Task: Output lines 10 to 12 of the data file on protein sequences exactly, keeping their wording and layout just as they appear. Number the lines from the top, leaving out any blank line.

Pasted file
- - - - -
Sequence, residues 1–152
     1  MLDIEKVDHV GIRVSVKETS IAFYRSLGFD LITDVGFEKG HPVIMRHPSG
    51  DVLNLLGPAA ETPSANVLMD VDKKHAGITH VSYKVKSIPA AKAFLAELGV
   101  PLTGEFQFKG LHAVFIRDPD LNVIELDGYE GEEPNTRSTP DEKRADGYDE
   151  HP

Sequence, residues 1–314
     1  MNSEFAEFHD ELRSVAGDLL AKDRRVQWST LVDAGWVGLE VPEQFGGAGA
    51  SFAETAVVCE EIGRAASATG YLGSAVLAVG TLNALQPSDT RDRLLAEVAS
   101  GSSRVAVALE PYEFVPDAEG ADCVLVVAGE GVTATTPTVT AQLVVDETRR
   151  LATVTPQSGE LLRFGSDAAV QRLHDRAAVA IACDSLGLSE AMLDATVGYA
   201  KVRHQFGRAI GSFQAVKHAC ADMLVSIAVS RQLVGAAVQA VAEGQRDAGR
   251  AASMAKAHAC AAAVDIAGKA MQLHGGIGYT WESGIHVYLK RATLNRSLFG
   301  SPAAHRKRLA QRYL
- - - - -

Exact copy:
   151  LATVTPQSGE LLRFGSDAAV QRLHDRAAVA IACDSLGLSE AMLDATVGYA
   201  KVRHQFGRAI GSFQAVKHAC ADMLVSIAVS RQLVGAAVQA VAEGQRDAGR
   251  AASMAKAHAC AAAVDIAGKA MQLHGGIGYT WESGIHVYLK RATLNRSLFG